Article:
Breastfeeding Dads–To-Be

“The guys who fear becoming fathers don’t understand that fathering is not something perfect men do, but something that perfects the man. The end product of child raising is not the child but the parent” Frank Pittman, Man Enough.

Are you a dad-to-be who’s partner is planning to breastfeed? Do you think that breastfeeding is something a woman does alone? Think again. One of the most important factors in determining whether a woman breastfeeds is the support of her partner. Here are some things you can do before the baby is even born that will help ensure that your baby gets off to a good start.

Remind the mom-to-be that you know what breasts are for and how amazing she is. Let her know that you appreciate that she wants to give your baby the best possible start in life. Marvel out loud that she will be able to nourish your baby with her breasts.

Go to a prenatal breastfeeding class with your partner. Listen. Take notes. Ask questions.

Read about breastfeeding. Learn the facts. Dr. William Sears and Dr. Jack Newman are authors that dads tend to enjoy.

Surprise your wife with some beautiful nursing pajamas. (The shirt will have openings to enable easy access to her breasts.)

Counter any criticism with confidence.

Interview pediatricians and do some research to find breastfeeding-friendly doctors in your area.

Ask friends, neighbors and healthcare providers about recommended lactation consultants. Talk to them or send them an email. Get a sense of who they are. Have a name or two on hand and bring their phone numbers to the hospital or birthing center. Your wife will love it if you take some ownership of the decision to breastfeed.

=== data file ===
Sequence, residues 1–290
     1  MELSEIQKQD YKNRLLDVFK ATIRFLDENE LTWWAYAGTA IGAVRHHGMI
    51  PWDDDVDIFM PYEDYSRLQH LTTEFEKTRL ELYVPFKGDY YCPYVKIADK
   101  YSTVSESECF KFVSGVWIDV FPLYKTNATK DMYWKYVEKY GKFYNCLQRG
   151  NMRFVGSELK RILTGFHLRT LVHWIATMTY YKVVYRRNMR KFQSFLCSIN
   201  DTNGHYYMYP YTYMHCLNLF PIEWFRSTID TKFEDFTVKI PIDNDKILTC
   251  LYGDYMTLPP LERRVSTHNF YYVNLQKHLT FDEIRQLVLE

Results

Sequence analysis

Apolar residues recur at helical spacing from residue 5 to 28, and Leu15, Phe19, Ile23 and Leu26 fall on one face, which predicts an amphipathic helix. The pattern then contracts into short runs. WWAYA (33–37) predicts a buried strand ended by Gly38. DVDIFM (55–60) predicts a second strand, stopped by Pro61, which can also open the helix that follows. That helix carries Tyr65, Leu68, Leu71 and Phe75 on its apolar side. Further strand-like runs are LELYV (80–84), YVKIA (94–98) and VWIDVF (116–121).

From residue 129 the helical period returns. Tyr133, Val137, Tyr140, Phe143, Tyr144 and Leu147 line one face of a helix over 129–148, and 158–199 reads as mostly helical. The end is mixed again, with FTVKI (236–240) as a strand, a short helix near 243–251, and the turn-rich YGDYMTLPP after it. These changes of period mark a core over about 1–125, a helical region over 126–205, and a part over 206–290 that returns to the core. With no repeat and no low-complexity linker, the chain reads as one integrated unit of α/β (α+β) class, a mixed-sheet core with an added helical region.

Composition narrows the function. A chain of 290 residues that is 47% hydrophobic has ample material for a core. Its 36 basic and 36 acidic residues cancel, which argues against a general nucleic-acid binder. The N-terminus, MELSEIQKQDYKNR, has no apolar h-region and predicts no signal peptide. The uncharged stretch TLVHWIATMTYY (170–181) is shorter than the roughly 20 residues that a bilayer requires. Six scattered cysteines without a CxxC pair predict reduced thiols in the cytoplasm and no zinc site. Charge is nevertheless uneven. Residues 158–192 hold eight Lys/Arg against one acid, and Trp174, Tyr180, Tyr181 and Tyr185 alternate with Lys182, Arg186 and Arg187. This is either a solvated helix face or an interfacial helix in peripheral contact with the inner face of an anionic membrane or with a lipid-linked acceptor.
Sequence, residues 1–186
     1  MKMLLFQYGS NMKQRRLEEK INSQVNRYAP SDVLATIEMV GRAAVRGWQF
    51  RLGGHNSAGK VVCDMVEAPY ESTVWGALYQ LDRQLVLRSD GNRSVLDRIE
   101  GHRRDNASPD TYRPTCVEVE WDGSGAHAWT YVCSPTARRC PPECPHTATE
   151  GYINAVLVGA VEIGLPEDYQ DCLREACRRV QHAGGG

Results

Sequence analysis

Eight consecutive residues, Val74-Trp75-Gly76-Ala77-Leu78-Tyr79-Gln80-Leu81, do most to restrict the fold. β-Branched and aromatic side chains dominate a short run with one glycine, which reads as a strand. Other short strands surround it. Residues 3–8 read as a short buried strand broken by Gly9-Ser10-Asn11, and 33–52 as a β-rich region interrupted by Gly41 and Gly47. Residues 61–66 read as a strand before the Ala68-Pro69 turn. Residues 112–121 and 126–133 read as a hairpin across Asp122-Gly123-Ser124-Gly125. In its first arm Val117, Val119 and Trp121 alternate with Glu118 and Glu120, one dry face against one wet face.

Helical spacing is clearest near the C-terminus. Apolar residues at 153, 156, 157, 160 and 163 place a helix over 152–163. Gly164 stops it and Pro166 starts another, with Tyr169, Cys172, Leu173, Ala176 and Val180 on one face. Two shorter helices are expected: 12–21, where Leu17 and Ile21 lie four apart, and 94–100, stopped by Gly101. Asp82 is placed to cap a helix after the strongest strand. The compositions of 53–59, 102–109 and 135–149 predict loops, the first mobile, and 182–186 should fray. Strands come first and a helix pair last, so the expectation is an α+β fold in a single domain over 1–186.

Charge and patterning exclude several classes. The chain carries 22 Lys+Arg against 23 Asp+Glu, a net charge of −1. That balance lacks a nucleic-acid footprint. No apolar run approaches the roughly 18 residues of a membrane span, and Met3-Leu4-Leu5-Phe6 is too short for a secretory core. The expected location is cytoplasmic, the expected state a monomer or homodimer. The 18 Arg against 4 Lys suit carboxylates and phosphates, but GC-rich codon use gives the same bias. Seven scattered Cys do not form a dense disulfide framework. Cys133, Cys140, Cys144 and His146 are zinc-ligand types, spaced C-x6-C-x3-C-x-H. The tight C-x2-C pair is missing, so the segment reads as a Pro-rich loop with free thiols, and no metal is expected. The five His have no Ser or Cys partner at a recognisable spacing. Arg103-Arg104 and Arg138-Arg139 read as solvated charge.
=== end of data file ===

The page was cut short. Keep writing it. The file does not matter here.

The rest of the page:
Perhaps, Propecia is one of the best drugs of the XXI century. Its usefulness is scientifically explained by the fact that it increases the blood flow in the area of hair follicles. I’ve used it for about 5 months, and in the first month I’ve already noticed some improvements: my hair stopped to fall out. Within the three months, the new hair started to grow. In seven months, my hair grew by 40%, and in a year, my hair will be completely restored.

Arrange for meals and other support from family/friends/neighbors for the first 6 weeks or so. This is even more important if you will be returning to work soon after the birth.

Learn why breastfeeding is important to the mother of your baby. Have confidence in her and be proud of her choice!

See also: Breastfeeding Dads: A Love Note

2 thoughts on “Breastfeeding Dads–To-Be

  1. Pingback: Breastfeeding Dads: A Love Note | The Second 9 Months

  2. Pingback: A Love Note to Breastfeeding Dads | The Second 9 Months

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